Always in the deep woods when you leave familiar ground and step off alone into a new place there will be, along with the feelings of curiosity and excitement, a little nagging of dread. It is an ancient fear of the unknown and is your first bond with the wilderness you are going into. What you are doing is exploring. -- Wendell Berry

The TRIP: GUINEA - wonkifong --> MALI - bamako, djenne, douentza, Dogon Country --> Burkina Faso - ouagadougou, bobo-dioulasso, bala, ouagadougou --> GHANA - tamale, mole national park, tamale, yeji, volta lake ferry, akosombo, accra, green turtle lodge, elmina, cape coast, accra, hohoe and wli falls --> TOGO - kpalime, atakpame, lome --> BENIN - cotonu (transport stop) --> NIGER - niamey, tahoua, agadez, camel trek in aiir mtns, niamey --> BENIN (abomey, grand popo, ouidah, ganvie, cotonou) --> CAMEROON (douala, buea, top of Mt Cameroon, limbe, sangelima, yaounde, kribi, douala) --> MAURITANIA (nouakchott, atar, chinguetti, camels into the sahara, terjit, choume, ride the coal train, nouadhibou) --> MOROCCO (western sahara, dakhla, agadir, essaouira, marrakesh, imlil, summit of jebel toubkal, fes, chefchaouen) --> cross the Strait of Gibraltar --> Malaga, Spain --> fly to Geneva, Switzerland --> Les Grangettes, France
Click for a map. Updated April 30, 2007

mercredi, août 09, 2006

An Early Morning Run (July 8, 2006)

Conakry. A West African city bordering the Atlantic Ocean that is the capital of Guinea. At 5:30 am, my wrist watch alarm began sounding off and I react instantly with the words of one of my five bunk mates echoing in my mind, “if that alarm wakes me I’ll kill you.” An understandable saying coming from a group of Peace Corps trainees that had arrived early the previous evening after a long day of travel including a bus ride from Philly to New York, a transatlantic flight to Brussels and finally a flight to Conakry via Dakar, Senegal.

To shake out the travel jet lag, two others and I decided to wake early for a jog in Conakry. This suggestion raised the eyebrows of several current volunteers that know Conakry. But hey, we were just excited to be in country and wanted to get out and about.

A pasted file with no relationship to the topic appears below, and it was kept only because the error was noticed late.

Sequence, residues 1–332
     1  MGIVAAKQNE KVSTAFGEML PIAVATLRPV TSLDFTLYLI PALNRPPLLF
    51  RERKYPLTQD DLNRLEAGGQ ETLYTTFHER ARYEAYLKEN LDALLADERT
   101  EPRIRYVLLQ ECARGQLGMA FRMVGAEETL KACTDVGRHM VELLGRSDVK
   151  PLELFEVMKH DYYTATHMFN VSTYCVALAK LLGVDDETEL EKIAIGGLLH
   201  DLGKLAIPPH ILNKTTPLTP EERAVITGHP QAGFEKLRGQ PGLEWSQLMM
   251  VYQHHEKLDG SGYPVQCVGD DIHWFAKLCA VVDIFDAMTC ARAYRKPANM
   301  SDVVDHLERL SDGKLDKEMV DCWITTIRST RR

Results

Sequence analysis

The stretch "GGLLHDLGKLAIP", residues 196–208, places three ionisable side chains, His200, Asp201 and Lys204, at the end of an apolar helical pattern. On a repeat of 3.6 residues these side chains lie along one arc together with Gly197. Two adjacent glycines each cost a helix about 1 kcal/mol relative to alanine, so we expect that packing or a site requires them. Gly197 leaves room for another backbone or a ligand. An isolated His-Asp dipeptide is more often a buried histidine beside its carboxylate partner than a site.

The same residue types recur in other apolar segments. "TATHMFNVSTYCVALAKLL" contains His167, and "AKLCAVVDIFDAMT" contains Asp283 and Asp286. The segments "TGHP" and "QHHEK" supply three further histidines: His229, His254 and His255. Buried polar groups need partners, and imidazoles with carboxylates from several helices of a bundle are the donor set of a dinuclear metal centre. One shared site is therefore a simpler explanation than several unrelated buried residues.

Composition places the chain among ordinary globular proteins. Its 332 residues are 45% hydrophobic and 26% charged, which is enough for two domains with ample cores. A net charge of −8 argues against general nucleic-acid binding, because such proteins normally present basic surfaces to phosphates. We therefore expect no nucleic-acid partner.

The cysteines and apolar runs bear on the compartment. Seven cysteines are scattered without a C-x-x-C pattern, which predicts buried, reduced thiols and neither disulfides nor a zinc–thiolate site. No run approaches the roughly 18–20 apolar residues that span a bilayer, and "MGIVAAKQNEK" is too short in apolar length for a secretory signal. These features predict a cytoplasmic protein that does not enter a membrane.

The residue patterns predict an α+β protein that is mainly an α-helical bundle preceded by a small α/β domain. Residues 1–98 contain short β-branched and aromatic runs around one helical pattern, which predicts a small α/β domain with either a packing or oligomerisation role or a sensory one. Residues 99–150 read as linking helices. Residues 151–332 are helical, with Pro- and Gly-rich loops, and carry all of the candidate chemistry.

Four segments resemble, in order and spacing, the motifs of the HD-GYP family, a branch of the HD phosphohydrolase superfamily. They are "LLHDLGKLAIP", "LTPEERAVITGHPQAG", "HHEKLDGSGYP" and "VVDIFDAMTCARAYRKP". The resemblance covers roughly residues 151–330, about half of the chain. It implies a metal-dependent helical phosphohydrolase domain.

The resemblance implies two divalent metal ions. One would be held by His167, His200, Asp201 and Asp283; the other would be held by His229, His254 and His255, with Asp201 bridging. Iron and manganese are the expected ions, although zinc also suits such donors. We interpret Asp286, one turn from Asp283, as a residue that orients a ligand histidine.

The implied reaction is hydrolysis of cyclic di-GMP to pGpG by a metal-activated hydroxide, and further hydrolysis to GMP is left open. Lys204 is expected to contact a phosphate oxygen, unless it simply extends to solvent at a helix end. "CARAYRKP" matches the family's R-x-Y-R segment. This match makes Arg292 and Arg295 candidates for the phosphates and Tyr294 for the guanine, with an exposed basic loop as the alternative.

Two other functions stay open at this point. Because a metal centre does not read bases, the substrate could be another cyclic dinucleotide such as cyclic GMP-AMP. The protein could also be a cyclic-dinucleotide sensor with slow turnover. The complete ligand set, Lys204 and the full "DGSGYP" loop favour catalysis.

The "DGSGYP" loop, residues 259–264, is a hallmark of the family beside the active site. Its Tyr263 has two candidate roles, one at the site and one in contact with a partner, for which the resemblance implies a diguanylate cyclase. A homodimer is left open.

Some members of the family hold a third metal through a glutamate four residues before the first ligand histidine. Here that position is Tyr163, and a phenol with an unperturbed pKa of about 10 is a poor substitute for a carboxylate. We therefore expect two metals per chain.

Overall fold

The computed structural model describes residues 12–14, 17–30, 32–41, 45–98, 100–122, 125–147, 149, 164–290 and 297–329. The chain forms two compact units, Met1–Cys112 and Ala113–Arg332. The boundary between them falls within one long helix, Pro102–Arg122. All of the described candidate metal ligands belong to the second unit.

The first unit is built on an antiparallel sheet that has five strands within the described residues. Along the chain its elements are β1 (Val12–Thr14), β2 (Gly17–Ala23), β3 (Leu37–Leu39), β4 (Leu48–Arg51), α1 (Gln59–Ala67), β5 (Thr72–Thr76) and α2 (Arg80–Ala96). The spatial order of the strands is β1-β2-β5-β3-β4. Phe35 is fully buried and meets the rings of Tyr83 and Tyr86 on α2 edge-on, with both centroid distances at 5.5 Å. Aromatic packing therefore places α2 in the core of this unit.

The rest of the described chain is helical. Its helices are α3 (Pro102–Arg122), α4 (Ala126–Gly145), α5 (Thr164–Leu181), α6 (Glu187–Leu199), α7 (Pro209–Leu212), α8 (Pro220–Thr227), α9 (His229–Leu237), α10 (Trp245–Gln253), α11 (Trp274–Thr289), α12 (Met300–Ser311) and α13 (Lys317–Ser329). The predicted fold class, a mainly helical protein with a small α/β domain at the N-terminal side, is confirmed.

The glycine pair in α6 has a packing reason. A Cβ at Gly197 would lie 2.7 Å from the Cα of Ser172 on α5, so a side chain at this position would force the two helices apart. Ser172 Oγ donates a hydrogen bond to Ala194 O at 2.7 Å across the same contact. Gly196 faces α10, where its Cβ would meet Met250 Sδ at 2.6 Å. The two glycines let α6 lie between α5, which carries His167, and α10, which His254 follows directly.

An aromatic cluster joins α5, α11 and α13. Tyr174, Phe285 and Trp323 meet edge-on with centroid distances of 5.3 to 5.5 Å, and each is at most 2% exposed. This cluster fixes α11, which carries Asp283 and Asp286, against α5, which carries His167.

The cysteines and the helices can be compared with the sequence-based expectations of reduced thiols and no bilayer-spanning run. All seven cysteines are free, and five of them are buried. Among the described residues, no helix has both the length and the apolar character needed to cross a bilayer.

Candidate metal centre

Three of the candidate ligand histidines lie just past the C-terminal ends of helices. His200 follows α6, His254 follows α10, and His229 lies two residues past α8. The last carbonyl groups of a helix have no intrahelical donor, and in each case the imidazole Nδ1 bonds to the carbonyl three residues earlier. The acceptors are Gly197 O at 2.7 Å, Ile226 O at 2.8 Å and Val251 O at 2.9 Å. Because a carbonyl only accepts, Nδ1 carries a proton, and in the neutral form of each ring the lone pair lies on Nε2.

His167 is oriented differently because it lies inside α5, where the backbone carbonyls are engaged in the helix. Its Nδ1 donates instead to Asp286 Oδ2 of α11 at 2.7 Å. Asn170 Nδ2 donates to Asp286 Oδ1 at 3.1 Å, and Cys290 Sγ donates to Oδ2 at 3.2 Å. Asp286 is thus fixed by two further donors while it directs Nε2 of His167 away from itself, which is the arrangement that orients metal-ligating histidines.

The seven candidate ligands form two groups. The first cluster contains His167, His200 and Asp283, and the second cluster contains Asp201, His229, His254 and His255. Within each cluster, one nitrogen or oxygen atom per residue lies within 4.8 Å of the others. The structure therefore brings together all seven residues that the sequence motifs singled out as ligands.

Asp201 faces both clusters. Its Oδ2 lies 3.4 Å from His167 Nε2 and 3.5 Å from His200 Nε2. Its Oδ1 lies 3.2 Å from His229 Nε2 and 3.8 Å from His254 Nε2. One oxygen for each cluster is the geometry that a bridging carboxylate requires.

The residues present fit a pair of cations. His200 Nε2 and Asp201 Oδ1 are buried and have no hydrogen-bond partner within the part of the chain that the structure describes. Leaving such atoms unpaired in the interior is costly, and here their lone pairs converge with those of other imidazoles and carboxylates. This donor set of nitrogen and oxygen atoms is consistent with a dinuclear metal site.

Downstairs, I found another trainee and two volunteers. The first bout of sickness had struck the group less than 12 hours after arrival. She was pale and tired as the 1-year volunteers attempted to comfort her. Minutes later my two companions appeared and we checked out through the security house to begin our run.

The morning was cool. The humidity, which grasped me in a warm embrace when I stepped off the plane the previous day, had lessened and it felt comfortable. We began our job. At first, the run resembled many other early morning jaunts I have had in the States. The streets were quiet as only our conversation filled the air. As we continued we came across others walking in the street. On one empty section, a Guinean appeared from a side alley. Seeing us he exclaimed, “Vous faites du sport!” with a big smile. He was dressed nicely in a button down shirt, slacks and dress shoes. Without pausing he tore off down the road. “Allez! Allez!” The three of us began chase and he zig-zagged to block the street so that we could not pass. With a laugh, he eventually stopped and we continued down the street.

Suddenly, as we rounded a bend we came across many people. At 6:00, the sky was only beginning to provide the first hints of dawn. The streets were quickly getting crowded though the people did not seem to be heading anywhere in particular. Instead the feeling was of a general milling around. Stares were plenty as three white guys ran down a street. We received some salutations though most quietly watched us go by. At an intersection we hugged the right corner and found ourselves on a larger road running in the same direction as traffic. Suddenly, our peaceful jog had gotten quite busy. We fell into single file and increased our pace to get out of the area quicker. I was at the back and heard a car rapidly approaching. In Guinea, main roads are not wide and joggers are not common. This increases the possibility of an accident. I moved right to put some space between myself and the car. As I edged right, my foot landed on a bit of crumbling pavement. Smooth traffic shoulders do not exist in Guinea and the road was perched up on an embankment. When my foot landed, it slid out and I instantly took a tumble down the hill scraping the outside of my left leg from my knee to my ankle. The scrape ended below my ankle with a large, open wound. I guess my welcoming gift to Guinea was an offering of blood on African soil.
Of course the next day’s health session focused on the ease of infection and the long healing process in Africa. Scrub the wound until it hurts, scrub some more, apply antibiotic ointment, cover the wound so the flies don’t have a party and repeat regularly. The one month update: I managed to avoid infection but the wound is still not completely healed. I was nervous with a few river swims but my ankle does appear to be healing, though slowly.